"This morning during pre-race, it was funny because Robert and I talked to each other and agreed that we were both pretty happy that we didn't have to run each other first round again," said Gray. "We've run into each other a whole lot first round here lately, and really, neither one of us ever want to run each other. That's a great team over there, Robert is a great guy, and I'm just as scared of him as he is of me. After the semifinals, we were both at the top end and I looked at him and said, 'I still don't want to run you.' Robert said, 'Well, I don't want to run you either.' We both went out there loaded for bear, and we made it, he didn't.
"The way it came out, my crew chief Rob Wendland gave me a racecar that ran real hard all day. You can win a lot of races off the intimidation factor, and my crew chief had her tuned up to where she was a little intimidating today. But Robert had a great racecar too – they just missed it a hair, and you know, Rob didn't. I owe it all to Rob, Rip [Reynolds, assistant crew chief], Ryan [Elliott] and the guys. I've got a great, great team. I just can't say enough about them."
The old adage "Don't judge a book by its cover" could well have been applied to the weekend in Topeka; the first day of qualifying was absolutely no indication of the greatness to come for the Pitch Energy Dodge. The team rebounded from two unstable passes with a pair of smooth hits on day two of qualifying that was highlighted by a brilliant 4.053 at 313.30 mph. Thanks to the improved performance, Gray earned a start from the No. 4 position – his best qualifying berth since the race in Las Vegas earlier this spring.
Now in what he has declared his final season of full-time racing on NHRA's tour, Gray has collected three wins so far this year in a car dedicated to his father, the late John R. Gray. For the Pitch Energy team, every step along the way towards the Countdown to the Championship is filled with serious motivation and intention.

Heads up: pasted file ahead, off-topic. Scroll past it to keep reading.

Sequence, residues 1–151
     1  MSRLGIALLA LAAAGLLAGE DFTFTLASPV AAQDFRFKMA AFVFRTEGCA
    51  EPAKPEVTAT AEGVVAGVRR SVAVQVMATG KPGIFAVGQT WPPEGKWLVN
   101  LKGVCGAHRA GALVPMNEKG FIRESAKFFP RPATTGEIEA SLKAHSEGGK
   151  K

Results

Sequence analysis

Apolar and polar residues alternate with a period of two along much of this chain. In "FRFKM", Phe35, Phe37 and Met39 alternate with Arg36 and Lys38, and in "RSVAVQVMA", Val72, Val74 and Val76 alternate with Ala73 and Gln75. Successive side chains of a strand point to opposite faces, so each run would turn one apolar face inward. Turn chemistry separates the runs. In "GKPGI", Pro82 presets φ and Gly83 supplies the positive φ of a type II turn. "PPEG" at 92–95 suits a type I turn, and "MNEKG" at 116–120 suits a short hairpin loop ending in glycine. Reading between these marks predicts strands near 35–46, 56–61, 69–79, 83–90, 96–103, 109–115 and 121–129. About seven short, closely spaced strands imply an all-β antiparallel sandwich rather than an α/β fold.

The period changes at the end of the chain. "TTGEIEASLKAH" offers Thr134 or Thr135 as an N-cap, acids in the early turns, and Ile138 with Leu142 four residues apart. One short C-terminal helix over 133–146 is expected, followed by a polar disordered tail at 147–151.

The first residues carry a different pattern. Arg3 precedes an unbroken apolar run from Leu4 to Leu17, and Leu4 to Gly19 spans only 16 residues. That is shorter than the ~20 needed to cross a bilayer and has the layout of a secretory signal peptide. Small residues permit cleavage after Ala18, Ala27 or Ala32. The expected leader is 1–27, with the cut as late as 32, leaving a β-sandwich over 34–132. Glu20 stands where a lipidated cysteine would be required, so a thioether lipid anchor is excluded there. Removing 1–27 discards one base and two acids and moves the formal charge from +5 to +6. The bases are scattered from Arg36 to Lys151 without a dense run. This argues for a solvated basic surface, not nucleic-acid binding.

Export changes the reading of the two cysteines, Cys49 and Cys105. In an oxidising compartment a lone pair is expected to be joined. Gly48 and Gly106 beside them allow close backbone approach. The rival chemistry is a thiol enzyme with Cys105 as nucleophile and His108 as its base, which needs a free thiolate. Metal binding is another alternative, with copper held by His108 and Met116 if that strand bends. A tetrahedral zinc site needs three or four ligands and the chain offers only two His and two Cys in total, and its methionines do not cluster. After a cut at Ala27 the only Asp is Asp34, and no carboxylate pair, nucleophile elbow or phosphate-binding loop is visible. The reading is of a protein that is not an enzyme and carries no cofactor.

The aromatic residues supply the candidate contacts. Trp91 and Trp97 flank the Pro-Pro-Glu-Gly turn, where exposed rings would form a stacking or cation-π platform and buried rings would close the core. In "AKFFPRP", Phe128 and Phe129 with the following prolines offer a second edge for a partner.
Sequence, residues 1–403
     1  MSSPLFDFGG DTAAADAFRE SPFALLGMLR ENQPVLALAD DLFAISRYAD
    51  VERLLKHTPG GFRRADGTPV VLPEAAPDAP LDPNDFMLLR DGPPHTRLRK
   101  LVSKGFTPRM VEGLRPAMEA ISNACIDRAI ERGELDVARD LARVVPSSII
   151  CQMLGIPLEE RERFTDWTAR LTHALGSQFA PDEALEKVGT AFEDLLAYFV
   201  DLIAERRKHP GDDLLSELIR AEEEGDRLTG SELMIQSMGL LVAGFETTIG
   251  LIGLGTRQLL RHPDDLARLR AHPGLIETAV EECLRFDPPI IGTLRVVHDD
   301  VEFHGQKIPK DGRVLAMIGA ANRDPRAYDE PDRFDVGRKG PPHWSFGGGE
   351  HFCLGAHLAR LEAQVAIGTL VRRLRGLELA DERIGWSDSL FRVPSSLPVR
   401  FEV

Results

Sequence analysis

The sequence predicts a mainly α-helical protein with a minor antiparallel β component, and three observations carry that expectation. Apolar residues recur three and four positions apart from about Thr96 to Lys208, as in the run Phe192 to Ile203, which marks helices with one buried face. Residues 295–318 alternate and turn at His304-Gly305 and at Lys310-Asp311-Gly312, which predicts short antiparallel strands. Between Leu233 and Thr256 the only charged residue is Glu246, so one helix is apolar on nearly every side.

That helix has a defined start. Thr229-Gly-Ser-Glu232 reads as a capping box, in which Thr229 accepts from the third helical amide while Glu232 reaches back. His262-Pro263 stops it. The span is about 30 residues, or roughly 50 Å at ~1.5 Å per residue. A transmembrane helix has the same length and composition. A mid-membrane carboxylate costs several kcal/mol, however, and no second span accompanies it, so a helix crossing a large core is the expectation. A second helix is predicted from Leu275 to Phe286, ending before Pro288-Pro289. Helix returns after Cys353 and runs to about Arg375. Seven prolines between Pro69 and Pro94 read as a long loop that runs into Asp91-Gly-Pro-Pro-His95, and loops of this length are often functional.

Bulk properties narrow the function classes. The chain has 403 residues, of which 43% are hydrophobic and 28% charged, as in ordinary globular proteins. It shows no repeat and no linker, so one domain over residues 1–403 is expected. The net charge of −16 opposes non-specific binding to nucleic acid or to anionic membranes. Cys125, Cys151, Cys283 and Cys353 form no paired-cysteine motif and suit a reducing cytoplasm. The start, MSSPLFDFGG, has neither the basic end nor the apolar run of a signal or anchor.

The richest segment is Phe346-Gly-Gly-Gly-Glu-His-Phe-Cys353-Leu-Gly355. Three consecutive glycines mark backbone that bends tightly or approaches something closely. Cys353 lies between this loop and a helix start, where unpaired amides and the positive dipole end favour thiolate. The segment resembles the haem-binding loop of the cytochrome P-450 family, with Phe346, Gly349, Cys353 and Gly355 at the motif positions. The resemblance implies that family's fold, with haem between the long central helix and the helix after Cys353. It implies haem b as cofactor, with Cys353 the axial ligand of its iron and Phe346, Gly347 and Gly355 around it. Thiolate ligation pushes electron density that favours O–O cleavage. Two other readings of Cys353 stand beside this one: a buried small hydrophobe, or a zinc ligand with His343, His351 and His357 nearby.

"There is a whole lot of meaning to this season for the Gray family, but also for all of us," said Kansas-bred Wendland, now in only his second full season as a nitro crew chief. "We're here this year in recognition of Johnny's father, and Johnny is who he is today because of what that man instilled in him. For Johnny Gray to step up and run this car with his sister, Terry Chander, and to allow us to do what we love to do – well, it means everything to me and to this whole team. That right there makes you dig a little bit deeper, work a little bit harder, work a few more hours, and stay up a little later at night thinking about this racecar. We all want to do well because this is a very special year."
Following his semifinals defeat of Beckman, Gray moved up to second in the Mello Yello Series standings, and with the Topeka victory, he took sole possession of the Funny Car points lead for the first time in his career; Gray shared the lead with DSR teammate Ron Capps for one race following his win in Gainesville earlier this year.
"The run for the championship is still a long ways away," said Gray. "But if the same car keeps showing up and Rob keeps her running like she's running, we have as good a shot as anybody out here. That's a true fact. These guys are just giving me such a great car right now, I really can't screw it up. We're going to go back out there and just keep playing because we're out here having a great time."